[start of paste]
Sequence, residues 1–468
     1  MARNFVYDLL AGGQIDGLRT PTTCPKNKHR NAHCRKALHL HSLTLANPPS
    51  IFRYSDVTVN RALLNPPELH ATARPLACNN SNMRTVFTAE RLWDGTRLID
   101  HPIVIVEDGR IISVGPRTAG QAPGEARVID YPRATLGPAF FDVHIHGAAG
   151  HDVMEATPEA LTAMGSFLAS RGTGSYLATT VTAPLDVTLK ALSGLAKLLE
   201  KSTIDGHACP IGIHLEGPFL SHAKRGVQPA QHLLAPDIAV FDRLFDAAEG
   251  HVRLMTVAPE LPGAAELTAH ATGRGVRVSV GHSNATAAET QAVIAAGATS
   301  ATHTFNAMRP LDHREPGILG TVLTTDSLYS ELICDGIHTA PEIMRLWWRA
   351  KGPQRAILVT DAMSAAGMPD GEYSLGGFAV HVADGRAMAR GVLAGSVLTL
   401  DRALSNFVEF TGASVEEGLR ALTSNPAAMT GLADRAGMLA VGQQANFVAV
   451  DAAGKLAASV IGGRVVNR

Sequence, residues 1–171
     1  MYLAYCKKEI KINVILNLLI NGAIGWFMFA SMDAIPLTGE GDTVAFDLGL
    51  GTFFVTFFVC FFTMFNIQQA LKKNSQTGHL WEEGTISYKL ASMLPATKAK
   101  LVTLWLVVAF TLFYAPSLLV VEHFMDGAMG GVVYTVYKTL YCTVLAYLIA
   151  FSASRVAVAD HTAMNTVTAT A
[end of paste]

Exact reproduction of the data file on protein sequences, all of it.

Sequence, residues 1–468
     1  MARNFVYDLL AGGQIDGLRT PTTCPKNKHR NAHCRKALHL HSLTLANPPS
    51  IFRYSDVTVN RALLNPPELH ATARPLACNN SNMRTVFTAE RLWDGTRLID
   101  HPIVIVEDGR IISVGPRTAG QAPGEARVID YPRATLGPAF FDVHIHGAAG
   151  HDVMEATPEA LTAMGSFLAS RGTGSYLATT VTAPLDVTLK ALSGLAKLLE
   201  KSTIDGHACP IGIHLEGPFL SHAKRGVQPA QHLLAPDIAV FDRLFDAAEG
   251  HVRLMTVAPE LPGAAELTAH ATGRGVRVSV GHSNATAAET QAVIAAGATS
   301  ATHTFNAMRP LDHREPGILG TVLTTDSLYS ELICDGIHTA PEIMRLWWRA
   351  KGPQRAILVT DAMSAAGMPD GEYSLGGFAV HVADGRAMAR GVLAGSVLTL
   401  DRALSNFVEF TGASVEEGLR ALTSNPAAMT GLADRAGMLA VGQQANFVAV
   451  DAAGKLAASV IGGRVVNR

Sequence, residues 1–171
     1  MYLAYCKKEI KINVILNLLI NGAIGWFMFA SMDAIPLTGE GDTVAFDLGL
    51  GTFFVTFFVC FFTMFNIQQA LKKNSQTGHL WEEGTISYKL ASMLPATKAK
   101  LVTLWLVVAF TLFYAPSLLV VEHFMDGAMG GVVYTVYKTL YCTVLAYLIA
   151  FSASRVAVAD HTAMNTVTAT A